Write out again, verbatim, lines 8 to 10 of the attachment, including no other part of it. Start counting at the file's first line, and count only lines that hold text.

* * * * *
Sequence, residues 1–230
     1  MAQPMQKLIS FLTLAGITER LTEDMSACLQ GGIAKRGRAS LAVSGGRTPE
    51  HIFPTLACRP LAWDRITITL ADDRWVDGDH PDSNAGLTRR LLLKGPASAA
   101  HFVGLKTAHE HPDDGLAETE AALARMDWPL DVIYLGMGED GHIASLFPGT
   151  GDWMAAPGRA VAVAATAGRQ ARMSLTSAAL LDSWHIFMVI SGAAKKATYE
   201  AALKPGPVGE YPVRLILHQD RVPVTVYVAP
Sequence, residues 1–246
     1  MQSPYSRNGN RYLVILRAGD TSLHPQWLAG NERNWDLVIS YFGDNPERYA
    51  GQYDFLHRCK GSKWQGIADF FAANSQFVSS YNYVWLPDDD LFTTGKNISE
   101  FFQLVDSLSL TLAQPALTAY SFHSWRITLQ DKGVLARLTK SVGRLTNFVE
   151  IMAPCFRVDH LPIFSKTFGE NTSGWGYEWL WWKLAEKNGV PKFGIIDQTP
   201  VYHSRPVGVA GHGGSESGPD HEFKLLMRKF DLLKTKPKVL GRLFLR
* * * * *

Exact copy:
     1  MQSPYSRNGN RYLVILRAGD TSLHPQWLAG NERNWDLVIS YFGDNPERYA
    51  GQYDFLHRCK GSKWQGIADF FAANSQFVSS YNYVWLPDDD LFTTGKNISE
   101  FFQLVDSLSL TLAQPALTAY SFHSWRITLQ DKGVLARLTK SVGRLTNFVE